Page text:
The US military freed the five on Thursday after arresting them in the northern Iraqi city of Arbil on January 11, 2007, accusing them of arming militias in Iraq and inciting anti-US attacks in the war-torn country. Iran insists that the five are diplomats and protested that they were arrested in violation of international diplomatic conventions. The men were welcomed with garlands of flowers at Tehran's Mehrabad airport where they were greeted by the Iranian foreign minister Manouchehr Mottaki, along with other officials, and a crowd of several dozen people.
The Iraqi foreign minister Hoshyar Zebari said the release of the five was in line with a security accord between Baghdad and Washington under which all detainees in US custody should be transferred to the Iraqi authorities. US officials maintained the men had no diplomatic status and the White House also denied the five had been freed as a diplomatic gesture to Iran. The Iranian foreign ministry spokesman Hassan Ghashghavi said the five were "innocent" and had been arrested in breach of international rules covering privileges and immunity for diplomatic missions.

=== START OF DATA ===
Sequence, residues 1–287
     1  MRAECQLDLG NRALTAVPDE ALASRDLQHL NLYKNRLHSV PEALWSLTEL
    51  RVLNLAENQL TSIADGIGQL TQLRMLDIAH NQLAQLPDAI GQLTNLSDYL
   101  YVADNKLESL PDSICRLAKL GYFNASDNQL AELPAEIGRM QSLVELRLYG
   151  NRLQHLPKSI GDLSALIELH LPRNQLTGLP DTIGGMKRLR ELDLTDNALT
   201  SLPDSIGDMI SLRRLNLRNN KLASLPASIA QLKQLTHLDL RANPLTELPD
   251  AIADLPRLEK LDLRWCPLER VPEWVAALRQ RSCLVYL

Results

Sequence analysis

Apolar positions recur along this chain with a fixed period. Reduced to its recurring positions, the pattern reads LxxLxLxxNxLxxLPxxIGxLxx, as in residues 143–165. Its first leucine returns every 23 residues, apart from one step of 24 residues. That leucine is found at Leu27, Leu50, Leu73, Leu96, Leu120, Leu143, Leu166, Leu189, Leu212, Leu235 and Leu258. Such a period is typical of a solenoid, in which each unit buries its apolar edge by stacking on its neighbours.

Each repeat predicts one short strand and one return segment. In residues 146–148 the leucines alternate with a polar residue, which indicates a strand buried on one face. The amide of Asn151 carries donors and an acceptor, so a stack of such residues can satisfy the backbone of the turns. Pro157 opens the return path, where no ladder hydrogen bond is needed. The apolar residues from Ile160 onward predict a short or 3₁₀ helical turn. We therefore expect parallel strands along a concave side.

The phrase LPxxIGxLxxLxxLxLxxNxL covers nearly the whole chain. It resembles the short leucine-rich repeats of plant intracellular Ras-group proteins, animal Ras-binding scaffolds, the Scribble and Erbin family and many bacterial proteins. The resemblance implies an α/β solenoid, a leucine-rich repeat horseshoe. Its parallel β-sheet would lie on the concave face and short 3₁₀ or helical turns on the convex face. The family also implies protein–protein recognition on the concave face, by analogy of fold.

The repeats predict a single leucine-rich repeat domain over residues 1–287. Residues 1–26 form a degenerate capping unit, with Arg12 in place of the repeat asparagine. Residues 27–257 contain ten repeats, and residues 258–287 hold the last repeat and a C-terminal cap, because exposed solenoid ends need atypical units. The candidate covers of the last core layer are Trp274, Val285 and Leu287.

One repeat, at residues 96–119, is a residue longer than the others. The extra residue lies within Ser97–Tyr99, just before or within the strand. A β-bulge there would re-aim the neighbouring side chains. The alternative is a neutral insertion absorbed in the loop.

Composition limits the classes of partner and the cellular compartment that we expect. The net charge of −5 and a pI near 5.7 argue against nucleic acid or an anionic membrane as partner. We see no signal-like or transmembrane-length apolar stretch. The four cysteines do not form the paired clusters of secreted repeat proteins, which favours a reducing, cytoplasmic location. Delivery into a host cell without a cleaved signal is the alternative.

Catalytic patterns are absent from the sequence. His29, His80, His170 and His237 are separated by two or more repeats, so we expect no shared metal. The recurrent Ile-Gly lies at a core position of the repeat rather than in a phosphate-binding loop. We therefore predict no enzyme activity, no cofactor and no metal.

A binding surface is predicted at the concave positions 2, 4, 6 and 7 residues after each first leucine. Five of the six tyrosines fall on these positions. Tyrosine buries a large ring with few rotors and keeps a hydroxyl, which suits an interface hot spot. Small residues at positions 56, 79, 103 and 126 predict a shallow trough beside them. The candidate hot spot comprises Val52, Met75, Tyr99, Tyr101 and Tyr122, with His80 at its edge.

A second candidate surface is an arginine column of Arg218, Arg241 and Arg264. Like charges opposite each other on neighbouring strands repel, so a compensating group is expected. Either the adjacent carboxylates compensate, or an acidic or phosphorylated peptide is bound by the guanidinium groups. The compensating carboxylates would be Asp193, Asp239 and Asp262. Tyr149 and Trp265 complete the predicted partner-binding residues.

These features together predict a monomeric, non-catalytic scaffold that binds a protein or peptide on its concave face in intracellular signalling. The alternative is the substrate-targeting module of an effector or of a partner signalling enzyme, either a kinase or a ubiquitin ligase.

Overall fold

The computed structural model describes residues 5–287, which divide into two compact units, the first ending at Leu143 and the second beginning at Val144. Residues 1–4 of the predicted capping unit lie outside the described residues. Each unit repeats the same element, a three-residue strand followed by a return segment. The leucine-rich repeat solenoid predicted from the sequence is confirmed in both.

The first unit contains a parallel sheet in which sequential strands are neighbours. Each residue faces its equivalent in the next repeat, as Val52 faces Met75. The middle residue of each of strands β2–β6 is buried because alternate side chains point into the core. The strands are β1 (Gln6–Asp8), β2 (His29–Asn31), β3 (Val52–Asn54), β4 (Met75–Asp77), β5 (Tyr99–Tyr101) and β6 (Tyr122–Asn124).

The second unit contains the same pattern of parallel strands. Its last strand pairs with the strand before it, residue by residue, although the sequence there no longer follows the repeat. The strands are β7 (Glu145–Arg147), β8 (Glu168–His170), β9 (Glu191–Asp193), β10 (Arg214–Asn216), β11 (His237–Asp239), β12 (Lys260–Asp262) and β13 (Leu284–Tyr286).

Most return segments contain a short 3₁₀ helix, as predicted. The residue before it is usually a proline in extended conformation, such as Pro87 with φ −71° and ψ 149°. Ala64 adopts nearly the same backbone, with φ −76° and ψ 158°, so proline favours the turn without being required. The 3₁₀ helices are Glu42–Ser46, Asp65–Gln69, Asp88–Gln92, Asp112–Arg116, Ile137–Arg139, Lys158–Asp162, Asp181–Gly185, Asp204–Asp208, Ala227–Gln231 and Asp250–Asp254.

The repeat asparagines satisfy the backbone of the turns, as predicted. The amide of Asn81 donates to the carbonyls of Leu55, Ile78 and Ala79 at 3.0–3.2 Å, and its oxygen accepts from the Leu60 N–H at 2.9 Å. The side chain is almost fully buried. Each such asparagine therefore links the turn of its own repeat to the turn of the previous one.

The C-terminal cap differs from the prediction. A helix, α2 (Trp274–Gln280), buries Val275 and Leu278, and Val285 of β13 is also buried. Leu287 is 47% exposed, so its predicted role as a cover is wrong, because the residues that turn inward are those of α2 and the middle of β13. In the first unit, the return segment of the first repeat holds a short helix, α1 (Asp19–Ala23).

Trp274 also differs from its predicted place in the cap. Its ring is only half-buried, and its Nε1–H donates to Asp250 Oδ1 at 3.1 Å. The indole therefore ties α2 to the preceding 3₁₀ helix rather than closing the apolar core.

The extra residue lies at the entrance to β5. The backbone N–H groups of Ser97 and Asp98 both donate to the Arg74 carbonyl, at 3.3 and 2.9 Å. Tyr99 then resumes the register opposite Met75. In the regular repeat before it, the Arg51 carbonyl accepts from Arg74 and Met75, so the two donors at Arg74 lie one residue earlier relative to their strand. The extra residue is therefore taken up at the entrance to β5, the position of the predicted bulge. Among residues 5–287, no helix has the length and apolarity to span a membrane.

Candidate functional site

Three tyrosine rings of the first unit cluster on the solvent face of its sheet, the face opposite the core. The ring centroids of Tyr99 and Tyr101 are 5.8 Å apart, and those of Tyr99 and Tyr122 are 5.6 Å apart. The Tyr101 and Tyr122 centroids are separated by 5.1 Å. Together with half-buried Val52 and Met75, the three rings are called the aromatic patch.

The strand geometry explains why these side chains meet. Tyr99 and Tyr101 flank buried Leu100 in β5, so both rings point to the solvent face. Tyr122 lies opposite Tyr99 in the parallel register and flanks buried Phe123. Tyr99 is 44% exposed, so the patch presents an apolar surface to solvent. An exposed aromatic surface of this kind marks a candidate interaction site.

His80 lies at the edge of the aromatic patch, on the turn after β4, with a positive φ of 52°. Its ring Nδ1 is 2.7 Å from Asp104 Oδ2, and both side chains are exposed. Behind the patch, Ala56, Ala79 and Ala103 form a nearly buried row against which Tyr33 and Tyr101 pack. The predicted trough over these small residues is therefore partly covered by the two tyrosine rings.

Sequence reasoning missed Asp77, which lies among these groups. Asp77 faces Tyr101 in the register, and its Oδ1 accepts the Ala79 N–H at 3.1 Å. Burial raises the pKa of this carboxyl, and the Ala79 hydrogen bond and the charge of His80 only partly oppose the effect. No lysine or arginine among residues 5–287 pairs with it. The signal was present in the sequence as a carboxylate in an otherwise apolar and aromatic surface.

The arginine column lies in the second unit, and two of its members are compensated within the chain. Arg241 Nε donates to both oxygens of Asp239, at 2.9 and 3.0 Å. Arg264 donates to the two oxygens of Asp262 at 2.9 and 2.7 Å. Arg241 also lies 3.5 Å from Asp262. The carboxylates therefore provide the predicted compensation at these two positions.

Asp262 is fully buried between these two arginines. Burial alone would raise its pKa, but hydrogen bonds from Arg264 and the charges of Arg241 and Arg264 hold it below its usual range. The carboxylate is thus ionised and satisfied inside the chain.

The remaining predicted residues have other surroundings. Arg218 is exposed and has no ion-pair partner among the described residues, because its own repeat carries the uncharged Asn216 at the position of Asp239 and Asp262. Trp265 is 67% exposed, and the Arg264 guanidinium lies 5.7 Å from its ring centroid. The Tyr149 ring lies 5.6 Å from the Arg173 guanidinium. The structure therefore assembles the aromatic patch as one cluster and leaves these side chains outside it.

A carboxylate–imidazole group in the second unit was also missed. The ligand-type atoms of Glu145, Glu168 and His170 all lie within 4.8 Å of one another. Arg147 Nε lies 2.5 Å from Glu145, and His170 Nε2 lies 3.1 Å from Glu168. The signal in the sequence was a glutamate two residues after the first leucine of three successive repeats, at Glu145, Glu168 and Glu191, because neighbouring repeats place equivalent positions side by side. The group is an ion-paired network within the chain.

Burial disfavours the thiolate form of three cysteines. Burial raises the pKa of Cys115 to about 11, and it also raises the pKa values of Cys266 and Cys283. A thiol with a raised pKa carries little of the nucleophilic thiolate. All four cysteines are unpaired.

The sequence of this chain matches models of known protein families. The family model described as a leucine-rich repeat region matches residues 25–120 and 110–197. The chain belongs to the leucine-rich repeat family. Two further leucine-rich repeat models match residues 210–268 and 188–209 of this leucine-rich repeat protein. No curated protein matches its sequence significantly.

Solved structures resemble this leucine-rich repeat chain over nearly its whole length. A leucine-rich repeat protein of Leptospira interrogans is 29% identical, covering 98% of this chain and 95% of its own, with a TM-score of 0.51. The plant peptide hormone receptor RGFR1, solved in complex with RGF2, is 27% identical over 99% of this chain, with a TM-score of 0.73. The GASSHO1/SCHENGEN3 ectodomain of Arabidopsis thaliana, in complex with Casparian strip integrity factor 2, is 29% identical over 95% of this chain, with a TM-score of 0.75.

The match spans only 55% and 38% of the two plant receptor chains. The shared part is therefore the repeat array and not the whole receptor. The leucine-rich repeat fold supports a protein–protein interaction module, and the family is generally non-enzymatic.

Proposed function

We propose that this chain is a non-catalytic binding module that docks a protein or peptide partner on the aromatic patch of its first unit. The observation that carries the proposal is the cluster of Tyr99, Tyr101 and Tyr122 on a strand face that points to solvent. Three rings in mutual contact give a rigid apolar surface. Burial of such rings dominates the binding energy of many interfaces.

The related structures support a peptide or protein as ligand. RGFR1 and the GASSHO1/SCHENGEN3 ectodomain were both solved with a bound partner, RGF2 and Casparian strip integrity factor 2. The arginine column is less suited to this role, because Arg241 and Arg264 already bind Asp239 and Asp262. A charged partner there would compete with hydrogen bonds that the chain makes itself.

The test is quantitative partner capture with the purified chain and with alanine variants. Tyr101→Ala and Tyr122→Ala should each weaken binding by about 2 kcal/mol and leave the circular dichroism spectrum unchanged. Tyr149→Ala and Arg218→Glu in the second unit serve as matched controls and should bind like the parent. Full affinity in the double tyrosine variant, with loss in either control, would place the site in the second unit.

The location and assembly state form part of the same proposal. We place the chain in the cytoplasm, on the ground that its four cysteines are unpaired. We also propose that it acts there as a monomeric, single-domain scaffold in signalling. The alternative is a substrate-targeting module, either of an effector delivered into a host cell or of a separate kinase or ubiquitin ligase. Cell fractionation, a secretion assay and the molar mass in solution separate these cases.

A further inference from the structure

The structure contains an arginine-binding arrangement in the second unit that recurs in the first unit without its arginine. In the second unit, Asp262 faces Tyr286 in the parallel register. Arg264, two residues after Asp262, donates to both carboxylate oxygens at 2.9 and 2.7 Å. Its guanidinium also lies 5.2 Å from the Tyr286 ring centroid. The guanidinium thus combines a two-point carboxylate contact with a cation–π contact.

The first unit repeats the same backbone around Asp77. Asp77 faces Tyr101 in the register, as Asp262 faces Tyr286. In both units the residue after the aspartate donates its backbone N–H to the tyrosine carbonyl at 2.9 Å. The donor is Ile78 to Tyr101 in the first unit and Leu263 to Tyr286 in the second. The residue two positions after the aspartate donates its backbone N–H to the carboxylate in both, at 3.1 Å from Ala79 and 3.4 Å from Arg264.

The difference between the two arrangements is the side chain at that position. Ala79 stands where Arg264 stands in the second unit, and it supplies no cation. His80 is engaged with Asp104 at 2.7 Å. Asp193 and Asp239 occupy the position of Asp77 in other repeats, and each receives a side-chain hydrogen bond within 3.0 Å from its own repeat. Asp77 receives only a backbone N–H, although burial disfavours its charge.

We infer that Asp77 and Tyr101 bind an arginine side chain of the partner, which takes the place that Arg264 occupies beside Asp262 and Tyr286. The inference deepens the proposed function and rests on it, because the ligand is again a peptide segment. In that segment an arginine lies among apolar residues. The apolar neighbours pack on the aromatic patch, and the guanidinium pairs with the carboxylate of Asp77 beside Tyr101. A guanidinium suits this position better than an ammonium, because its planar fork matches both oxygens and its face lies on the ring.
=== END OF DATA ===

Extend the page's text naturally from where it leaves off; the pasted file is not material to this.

The detention of the five has long been an extra bone of contention in the decades of hostile relations between Iran and the United States, which accuses Tehran of stoking unrest in Iraq. Soon after taking office in January, the US president Barack Obama called for dialogue with Iran after three decades of severed ties and years of international tensions over Tehran's nuclear drive. But relations took a turn for the worse again after Iran cracked down on massive public protests over the disputed re-election of Iran's president Mahmoud Ahmadinejad in June.